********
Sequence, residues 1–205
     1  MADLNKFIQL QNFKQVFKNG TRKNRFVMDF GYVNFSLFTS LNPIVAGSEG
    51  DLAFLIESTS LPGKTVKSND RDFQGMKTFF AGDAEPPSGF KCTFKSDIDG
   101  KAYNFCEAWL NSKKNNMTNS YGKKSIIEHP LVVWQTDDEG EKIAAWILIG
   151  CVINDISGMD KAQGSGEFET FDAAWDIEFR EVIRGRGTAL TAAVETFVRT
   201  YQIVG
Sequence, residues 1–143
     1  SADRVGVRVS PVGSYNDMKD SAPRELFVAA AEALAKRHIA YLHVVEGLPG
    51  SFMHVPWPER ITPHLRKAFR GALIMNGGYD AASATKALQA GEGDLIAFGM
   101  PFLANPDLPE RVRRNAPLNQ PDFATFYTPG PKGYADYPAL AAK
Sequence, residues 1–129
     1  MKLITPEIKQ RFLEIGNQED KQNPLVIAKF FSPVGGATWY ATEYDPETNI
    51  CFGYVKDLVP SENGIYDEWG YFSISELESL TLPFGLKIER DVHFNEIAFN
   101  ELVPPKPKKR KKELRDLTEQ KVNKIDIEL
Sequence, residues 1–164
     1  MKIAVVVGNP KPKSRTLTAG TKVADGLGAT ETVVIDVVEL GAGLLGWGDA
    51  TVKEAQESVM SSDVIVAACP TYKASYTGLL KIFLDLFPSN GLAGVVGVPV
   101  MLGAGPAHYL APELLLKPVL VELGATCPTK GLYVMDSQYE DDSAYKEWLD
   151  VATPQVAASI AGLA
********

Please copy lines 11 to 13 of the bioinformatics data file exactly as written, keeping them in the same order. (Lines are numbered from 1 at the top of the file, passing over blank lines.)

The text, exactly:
Sequence, residues 1–129
     1  MKLITPEIKQ RFLEIGNQED KQNPLVIAKF FSPVGGATWY ATEYDPETNI
    51  CFGYVKDLVP SENGIYDEWG YFSISELESL TLPFGLKIER DVHFNEIAFN